Sunday, November 01, 2009

The problem (so far) with Flash Forward

A couple of my friends recommended Flash Forward to me, and as I watched its second episode today (yay for on-demand TV!), I realized why Flash Forward had bugged me so far (the two episodes I've watched, that is). (Remember this is a strictly provisional opinion subject to change any time as I watch more.) So why am I not impressed?

(1) The almost complete absence of any danger:
So imagine this. For approximately two minutes, everyone in the world experiences a black-out for two minutes. Yes, they all become unconscious -- and if the series is to be believed, this leads to a spectacular disaster, on an unimagined scale. Airplanes crashing into buildings, cars running over people and crashing into buildings; the possibilities are endless. And yet, I get no sense from the series that anything serious has happened -- there's no destruction and everything seems to be right on track. WTF? Don't you remember the days after 9/11? Hell, I do, and I was in India and not even in the US -- it was probably what one could euphemistically call a very tense time. And this is a 100, a 1000 times worse -- and still nothing seems to have happened!

Which is why the investigation to find out how and why the flash forward happens (led by Joseph Fiennnes' character) seems to have no force at all. Why should we care really? Another flash forward happening would be just fine, it seems to me. And everyone can have even more cuddly little visions about their own future: what's not to like?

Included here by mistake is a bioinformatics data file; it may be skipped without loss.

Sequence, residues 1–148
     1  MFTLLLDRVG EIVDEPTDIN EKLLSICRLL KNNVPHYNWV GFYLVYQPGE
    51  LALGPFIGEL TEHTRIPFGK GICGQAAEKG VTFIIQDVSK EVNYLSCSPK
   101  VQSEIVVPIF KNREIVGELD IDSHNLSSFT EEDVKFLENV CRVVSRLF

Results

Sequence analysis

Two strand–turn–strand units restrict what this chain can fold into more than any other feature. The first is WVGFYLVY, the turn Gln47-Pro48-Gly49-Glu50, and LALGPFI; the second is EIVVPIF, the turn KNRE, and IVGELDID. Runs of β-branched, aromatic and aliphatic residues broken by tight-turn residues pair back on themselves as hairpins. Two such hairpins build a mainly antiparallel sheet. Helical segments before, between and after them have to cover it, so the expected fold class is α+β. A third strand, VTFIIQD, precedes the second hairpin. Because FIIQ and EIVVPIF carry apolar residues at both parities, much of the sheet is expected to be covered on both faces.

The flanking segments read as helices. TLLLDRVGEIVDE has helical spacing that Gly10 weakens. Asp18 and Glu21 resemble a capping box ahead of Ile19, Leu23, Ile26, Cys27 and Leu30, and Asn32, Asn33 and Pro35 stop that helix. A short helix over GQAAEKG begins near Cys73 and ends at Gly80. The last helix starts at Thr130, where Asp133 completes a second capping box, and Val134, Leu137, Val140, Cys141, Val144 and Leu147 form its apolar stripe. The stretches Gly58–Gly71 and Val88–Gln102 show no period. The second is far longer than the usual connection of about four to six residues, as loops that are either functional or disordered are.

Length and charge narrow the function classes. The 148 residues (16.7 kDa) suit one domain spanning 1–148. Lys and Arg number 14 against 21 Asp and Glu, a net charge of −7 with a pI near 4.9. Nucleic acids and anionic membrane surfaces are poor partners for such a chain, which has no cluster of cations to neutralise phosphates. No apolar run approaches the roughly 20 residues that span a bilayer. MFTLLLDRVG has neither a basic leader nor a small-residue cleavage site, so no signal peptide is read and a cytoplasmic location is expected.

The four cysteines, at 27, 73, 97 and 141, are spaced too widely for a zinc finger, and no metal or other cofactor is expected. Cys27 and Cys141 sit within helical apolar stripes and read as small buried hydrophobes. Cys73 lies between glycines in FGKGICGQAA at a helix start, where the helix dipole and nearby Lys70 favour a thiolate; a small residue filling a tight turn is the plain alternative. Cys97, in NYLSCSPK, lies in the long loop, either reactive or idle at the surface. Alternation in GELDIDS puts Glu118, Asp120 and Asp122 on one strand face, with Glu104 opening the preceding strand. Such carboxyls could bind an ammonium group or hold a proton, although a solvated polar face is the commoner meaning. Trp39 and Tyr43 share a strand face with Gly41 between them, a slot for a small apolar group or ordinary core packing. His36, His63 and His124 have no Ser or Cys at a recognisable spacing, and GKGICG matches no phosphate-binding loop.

The super-success of Lost has brought on many Lost-like clones and Flash Forward is clearly one of them -- a wacky, vaguely sci-fi concept with a nice stereotypical array of characters. But if I remember anything from the beginning of Lost (the first few episodes of the first season are all I have seen of it), it's that there's a vivid sense of danger there: what's on the island? why are these people here? What's going to happen? I get no such feeling in Flash Forward -- but maybe that will change.

(2) And oh yes, the metaphysical bullshit: I mean, yes, it's fun to see the future, etc. and think what that means. Do we have free will or not? Are we in charge of our futures or are our futures in charge of us? But it's all bullshit (and absurdly pretentious) if I don't have a concrete sense of the stakes involved (see point (1) above, about Danger, lack of)

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